Acute Respiratory Distress Syndrome

  • Thomas P. Shanley
  • Bruce Grossman
  • Hector R. Wong


In 1967, Ashbaugh and colleagues (1) described a cohort of 12 patients who had acute onset of tachypnea, hypoxemia, panlobular infiltrates on chest radiograph, and decreased lung compliance. It was noted that this syndrome was similar to the infant respiratory distress syndrome, and in 1971 these same investigators coined the term adult respiratory distress syndrome (ARDS) (2). Since that time, it has been noted that this same condition also occurs in children, and consequently it was renamed acute respiratory distress syndrome. In 1988, Murray and colleagues (3) defined ARDS via the lung injury score (LIS) based on the chest radiographic findings, the degree of hypoxemia (PaO2/FiO2 ratio), the level of positive end-expiratory pressure (PEEP), and the lung compliance (Table 1). The American-European Consensus Committee (A-ECC) was formed in 1994 to develop a universal definition of ARDS and acute lung injury (ALI). The definition, outlined in Table 2, included the acute nature of the disease process, oxygenation abnormalities, radiographic findings, and the exclusion of left atrial hypertension when measured, but did not include PEEP, as in the LIS (4). This definition recognizes ARDS as the most severe manifestation of ALI.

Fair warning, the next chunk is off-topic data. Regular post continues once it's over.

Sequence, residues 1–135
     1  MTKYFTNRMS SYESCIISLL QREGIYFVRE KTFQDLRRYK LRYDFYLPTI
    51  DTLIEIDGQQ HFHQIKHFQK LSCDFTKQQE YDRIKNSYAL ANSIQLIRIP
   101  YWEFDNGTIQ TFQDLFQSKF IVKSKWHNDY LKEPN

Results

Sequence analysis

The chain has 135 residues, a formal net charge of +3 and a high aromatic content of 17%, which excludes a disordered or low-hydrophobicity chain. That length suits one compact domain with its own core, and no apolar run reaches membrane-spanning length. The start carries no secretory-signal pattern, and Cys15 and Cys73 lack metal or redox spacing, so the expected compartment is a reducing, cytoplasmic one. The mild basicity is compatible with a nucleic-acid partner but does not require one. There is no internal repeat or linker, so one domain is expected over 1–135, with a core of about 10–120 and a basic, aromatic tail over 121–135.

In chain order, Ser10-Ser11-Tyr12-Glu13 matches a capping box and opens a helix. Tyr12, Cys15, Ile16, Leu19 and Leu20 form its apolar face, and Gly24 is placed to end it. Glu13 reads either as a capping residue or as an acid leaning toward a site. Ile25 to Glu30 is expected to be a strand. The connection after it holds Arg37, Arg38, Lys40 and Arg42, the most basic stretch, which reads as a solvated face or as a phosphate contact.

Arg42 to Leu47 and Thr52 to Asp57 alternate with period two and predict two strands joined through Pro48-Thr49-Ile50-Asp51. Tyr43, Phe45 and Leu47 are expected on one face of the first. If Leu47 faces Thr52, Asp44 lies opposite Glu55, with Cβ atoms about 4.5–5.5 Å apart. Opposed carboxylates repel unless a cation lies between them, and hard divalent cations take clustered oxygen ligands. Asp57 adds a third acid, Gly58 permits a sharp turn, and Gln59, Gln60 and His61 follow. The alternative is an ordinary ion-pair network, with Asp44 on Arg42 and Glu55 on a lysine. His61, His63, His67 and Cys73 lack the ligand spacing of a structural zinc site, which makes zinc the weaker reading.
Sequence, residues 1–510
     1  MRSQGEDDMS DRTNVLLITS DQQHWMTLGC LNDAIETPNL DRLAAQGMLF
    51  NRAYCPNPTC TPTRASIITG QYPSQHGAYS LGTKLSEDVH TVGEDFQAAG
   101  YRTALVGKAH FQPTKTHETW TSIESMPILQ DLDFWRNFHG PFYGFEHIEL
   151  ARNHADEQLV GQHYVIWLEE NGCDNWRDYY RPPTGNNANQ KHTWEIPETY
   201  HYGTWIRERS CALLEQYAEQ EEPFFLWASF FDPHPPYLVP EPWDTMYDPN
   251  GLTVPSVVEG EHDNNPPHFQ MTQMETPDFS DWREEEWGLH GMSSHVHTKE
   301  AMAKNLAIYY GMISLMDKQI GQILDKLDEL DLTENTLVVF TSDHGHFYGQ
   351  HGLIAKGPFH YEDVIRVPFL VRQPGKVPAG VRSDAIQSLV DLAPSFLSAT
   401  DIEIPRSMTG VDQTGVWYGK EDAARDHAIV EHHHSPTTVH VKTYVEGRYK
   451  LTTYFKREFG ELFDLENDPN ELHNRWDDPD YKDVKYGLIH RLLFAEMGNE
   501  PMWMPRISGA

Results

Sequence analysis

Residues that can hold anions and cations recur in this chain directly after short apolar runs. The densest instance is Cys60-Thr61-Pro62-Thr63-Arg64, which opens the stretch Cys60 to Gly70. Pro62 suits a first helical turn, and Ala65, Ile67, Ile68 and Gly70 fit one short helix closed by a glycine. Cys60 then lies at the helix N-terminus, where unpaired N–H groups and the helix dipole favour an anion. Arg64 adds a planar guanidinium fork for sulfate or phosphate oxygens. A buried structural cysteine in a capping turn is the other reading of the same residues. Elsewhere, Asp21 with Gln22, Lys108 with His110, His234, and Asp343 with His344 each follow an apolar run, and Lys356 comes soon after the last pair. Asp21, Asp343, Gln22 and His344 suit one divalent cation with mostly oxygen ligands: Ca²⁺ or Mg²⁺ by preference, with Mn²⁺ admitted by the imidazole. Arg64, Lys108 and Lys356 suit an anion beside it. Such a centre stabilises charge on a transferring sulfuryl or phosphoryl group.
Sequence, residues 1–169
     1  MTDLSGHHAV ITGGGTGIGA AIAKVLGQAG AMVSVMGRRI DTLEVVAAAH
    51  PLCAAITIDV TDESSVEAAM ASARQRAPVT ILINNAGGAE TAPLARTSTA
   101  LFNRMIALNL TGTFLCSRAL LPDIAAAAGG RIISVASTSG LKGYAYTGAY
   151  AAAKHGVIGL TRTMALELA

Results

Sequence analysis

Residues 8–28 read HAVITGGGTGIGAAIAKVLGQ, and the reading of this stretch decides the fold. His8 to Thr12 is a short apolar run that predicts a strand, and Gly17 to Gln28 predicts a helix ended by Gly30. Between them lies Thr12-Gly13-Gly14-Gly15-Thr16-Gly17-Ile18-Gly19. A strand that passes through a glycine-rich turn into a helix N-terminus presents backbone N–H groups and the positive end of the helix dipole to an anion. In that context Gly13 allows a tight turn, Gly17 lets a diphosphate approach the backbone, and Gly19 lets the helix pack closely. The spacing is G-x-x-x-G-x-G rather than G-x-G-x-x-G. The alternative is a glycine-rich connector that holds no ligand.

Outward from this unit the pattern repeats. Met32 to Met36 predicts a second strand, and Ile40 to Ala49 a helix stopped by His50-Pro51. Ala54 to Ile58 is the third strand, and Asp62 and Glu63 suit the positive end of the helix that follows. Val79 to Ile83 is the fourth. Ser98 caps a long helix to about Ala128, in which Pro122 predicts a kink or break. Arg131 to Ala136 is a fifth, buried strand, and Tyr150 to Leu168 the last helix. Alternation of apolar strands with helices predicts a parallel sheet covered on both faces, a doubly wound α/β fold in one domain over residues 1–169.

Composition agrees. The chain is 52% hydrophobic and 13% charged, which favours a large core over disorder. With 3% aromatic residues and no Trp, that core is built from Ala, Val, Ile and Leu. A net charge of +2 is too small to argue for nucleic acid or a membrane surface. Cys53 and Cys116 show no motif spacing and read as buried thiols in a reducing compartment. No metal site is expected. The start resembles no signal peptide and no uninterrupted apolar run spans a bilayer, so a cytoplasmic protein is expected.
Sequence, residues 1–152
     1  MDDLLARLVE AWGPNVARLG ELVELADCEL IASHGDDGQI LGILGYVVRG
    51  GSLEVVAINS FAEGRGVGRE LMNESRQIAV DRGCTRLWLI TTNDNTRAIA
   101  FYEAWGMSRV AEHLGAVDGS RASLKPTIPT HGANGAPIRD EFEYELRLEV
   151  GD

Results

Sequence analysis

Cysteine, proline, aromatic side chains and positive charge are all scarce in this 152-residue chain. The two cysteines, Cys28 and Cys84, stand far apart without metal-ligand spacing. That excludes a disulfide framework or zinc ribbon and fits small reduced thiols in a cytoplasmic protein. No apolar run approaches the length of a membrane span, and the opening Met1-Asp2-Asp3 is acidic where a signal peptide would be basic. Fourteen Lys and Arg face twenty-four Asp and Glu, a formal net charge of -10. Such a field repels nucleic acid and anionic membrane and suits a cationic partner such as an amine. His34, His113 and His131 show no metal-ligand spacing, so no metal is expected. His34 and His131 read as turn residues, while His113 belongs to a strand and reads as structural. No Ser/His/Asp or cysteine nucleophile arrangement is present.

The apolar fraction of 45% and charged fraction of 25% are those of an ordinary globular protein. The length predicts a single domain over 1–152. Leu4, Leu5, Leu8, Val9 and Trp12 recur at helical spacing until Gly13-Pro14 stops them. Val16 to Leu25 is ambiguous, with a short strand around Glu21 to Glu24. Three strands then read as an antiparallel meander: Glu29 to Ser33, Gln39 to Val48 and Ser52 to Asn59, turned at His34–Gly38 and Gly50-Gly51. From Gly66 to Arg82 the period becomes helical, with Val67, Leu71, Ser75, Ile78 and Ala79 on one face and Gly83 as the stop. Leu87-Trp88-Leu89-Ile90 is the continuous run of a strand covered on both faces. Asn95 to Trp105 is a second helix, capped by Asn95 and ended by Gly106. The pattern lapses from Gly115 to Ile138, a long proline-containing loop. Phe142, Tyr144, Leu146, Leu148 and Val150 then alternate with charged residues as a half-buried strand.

Respiratory Distress Syndrome Acute Lung Injury Acute Respiratory Distress Syndrome Respir Crit Adult Respiratory Distress Syndrome 
These keywords were added by machine and not by the authors. This process is experimental and the keywords may be updated as the learning algorithm improves.


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Copyright information

© Springer Science+Business Media New York 2003

Authors and Affiliations

  • Thomas P. Shanley
  • Bruce Grossman
  • Hector R. Wong

There are no affiliations available

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